Repossessing Automobile Collateral in Georgia
Repossession of personal property, which has been used as collateral for a loan, is governed
by Section 6 of the Georgia Commercial Code Annotated. The Georgia repossession process is
fairly straight forward with only a few notices required to be sent to the borrower. However,
each notice must contain very specific language and be sent in accordance with the specific
time frames as laid out in the Georgia Code. The following paragraphs provide a brief
overview of the Georgia Code’s requirements.
The first notice to the borrower is not an official part of the repossession process, but is laid
out and made a part of the initial financing agreement or contract. This notice is the
disclosure to the borrower of the remedies in the case of default. It is important to review the
contract carefully to ensure it does not provide the borrower with additional rights or notice
requirements above and beyond what is required by Georgia law.
Once the borrower has breached the terms of the contract, the lender is allowed to employ
“self-help” repossession. Repossession must occur without “breach of the peace” which
means no laws can be violated and no actions taken that disturb the public tranquility.  For
example, a repossession company cannot remove a vehicle from a borrower’s garage or
remove an automobile that is in plain view on a property where ‘no trespassing’ signs have
Once repossession has occurred, the first notice required to be given to the borrower is a
Notice of Right to Redeem. The Lender cannot recover a deficiency against the borrower
unless the lender notifies the borrower by registered/certified mail or statutory overnight
delivery within ten days of repossession that the Lender intends to pursue a deficiency. Said
notice must inform the borrower of his/her right to redeem and right to demand a public sale.
If the borrower chooses his/her right to demand a public sale, the borrower must notify the
Lender by registered/certified mail or statutory overnight delivery within 10 days after the
posting of the Lender’s original notice. This Notice is only a requirement if the Lender intends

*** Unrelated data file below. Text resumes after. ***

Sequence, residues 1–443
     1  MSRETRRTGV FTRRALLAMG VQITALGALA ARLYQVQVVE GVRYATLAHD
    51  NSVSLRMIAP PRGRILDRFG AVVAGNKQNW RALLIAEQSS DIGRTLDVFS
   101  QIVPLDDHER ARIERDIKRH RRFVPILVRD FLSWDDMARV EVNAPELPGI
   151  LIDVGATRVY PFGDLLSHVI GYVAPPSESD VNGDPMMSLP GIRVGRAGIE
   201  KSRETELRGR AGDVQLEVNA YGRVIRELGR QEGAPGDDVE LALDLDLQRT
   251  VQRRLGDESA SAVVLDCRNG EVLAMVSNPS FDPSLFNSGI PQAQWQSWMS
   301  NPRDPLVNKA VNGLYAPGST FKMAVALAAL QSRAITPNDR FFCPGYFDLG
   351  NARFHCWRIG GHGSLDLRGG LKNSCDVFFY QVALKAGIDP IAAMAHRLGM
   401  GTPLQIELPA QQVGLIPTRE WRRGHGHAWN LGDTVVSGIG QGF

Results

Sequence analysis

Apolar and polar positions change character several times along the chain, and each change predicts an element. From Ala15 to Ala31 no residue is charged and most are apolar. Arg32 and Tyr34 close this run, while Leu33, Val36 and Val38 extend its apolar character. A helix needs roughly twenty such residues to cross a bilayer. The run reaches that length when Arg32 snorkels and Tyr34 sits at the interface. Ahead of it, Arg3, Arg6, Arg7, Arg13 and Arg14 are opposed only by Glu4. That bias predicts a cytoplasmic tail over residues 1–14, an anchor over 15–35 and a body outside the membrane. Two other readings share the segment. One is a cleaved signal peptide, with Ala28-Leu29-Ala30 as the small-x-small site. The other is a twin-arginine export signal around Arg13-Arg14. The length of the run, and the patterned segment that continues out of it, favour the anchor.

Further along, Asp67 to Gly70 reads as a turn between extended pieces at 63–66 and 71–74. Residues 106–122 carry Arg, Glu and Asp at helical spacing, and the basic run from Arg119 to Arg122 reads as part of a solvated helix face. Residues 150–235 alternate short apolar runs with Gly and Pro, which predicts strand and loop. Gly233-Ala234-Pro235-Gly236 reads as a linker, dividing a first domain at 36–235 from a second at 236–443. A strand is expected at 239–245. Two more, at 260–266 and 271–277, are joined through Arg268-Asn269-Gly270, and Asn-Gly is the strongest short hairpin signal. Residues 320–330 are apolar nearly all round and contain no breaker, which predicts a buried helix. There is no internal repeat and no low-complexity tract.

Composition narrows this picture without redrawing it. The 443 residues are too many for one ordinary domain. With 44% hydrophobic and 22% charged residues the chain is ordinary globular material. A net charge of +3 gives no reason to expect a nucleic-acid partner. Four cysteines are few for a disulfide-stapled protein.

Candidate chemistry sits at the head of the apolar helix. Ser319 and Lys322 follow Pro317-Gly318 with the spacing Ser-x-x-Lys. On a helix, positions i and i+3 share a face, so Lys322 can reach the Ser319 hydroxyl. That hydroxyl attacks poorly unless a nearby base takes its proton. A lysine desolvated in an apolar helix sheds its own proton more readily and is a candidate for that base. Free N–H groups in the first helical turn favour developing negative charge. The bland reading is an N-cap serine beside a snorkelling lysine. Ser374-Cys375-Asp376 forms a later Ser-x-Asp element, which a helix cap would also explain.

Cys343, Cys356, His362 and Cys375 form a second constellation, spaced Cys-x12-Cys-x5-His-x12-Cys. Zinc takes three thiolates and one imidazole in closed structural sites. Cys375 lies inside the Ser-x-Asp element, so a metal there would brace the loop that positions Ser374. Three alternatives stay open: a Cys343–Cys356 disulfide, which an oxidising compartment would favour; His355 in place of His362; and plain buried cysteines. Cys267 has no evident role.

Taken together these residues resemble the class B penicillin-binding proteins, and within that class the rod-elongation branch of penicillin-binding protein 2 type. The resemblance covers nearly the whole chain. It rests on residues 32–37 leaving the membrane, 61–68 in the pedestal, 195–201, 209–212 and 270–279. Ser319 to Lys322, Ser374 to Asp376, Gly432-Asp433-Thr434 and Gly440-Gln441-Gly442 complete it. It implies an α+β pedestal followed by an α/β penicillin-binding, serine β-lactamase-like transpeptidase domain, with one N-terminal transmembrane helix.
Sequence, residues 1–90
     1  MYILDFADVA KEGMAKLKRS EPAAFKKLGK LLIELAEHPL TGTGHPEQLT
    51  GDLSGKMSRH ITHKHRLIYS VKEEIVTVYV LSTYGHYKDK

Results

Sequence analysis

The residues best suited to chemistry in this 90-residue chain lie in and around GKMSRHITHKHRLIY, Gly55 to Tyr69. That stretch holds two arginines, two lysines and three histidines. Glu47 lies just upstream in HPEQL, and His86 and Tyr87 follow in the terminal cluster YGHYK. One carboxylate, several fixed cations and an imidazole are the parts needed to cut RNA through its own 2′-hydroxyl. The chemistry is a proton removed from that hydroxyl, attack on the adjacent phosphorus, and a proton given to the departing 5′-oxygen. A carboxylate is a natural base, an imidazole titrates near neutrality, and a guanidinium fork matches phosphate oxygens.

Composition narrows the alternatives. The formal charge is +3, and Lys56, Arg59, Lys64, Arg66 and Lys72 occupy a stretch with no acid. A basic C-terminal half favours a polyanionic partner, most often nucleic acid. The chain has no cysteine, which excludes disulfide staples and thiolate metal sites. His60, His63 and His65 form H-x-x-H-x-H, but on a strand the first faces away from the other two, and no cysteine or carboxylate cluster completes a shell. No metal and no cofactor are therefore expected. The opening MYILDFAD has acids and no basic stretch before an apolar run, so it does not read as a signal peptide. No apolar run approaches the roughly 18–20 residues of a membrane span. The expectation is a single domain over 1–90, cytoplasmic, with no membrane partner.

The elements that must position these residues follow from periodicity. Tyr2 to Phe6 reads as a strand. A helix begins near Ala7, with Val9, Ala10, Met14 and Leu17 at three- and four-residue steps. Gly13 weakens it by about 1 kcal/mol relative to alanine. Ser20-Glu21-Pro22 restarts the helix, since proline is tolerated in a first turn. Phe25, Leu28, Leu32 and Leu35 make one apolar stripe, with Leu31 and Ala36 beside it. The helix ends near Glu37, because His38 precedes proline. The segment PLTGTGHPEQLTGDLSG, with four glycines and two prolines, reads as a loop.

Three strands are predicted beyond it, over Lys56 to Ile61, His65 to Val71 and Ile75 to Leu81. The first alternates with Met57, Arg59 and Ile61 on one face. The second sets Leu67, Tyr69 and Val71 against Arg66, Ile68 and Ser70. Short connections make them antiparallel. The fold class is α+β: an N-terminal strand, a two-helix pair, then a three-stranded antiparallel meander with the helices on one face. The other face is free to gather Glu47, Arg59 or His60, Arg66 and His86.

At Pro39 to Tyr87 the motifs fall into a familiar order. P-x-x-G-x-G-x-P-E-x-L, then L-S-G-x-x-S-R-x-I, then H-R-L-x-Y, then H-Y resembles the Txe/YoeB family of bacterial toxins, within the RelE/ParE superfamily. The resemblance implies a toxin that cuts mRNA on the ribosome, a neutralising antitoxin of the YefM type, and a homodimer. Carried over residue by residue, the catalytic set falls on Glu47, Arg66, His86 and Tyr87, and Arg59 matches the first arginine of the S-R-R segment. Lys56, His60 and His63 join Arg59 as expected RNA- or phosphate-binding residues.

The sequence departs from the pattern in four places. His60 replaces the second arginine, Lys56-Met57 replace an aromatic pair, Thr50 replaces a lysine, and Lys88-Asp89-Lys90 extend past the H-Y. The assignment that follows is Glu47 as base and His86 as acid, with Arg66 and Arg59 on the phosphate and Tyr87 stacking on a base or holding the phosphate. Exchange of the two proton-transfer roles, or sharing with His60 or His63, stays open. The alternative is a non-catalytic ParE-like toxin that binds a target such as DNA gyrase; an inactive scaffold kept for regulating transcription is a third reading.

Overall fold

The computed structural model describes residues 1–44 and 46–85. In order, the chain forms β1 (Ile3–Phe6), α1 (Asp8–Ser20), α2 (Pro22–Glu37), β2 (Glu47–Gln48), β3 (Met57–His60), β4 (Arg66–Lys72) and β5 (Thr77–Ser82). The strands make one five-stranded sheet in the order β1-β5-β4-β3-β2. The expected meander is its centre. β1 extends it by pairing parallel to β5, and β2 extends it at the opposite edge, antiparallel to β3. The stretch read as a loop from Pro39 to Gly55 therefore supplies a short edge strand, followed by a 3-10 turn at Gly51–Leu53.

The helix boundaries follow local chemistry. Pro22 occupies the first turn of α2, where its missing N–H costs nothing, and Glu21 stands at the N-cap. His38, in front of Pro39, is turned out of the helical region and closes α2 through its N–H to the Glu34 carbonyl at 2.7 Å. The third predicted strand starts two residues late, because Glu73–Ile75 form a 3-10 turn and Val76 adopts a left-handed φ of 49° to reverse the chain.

to pursue a deficiency judgment.
The central requirement of the Georgia repossession process is the Notice of Sale. This notice
must be sent at least ten (10) days prior to the auction of the repossessed property. The
Lender must notify the borrower and any secondary obligors in writing via regular mail
(unless he/she has waived notice after default) of the time and place of the sale, method of
sale and a description of the collateral. The notice must also state that the borrower is
entitled to an accounting of the unpaid indebtedness, the potential of any liability for
deficiency, a telephone number or mailing address for obtaining additional information
regarding amounts owed, and a telephone number or mailing address for obtaining
additional information concerning the disposition and obligation secured.
Upon completion of the above requirements, the Lender may dispose of the property via
public or private sale. All aspects of the disposition of the collateral, including the method,
manner, time, place and other terms must be commercially reasonable. The fact that a
greater amount may have been obtainable under other circumstances is not preclusion to
commercial reasonableness. A disposition is commercially reasonable if it is made in the
usual manner on the recognized market, at a reasonable price, and otherwise in conformity
with reasonable commercial practices as they relate to goods of that type.
After the sale, the lender must provide proper title to the purchaser. The Georgia DMV has
procedures in place for non-conforming titles, conforming titles and a process for unavailable
titles. If there is a deficiency remaining after the sale of the collateral, it can be turned into a
judgment, if suit is filed.
 In the event the automobile cannot be repossessed without a breach of the peace, the
creditor can always resort to judicial process to attempt to obtain a judgment for the debt
and a writ of possession for the collateral.
For more information on repossession of personal property in Georgia, please contact our
Georgia office at 404-566- 4818.
S&E Attorneys &
Stern & Eisenberg is a leading regional firm serving twelve states and the District of Columbia. For over forty years, Stern & Eisenberg has built a collaborative, diverse, high-performing team environment which promotes data-driven decision-making, creates innovative opportunities, and allows for performance, operational, and technological seamlessness across its multi-state footprint. Click here to contact the S&E Value Department.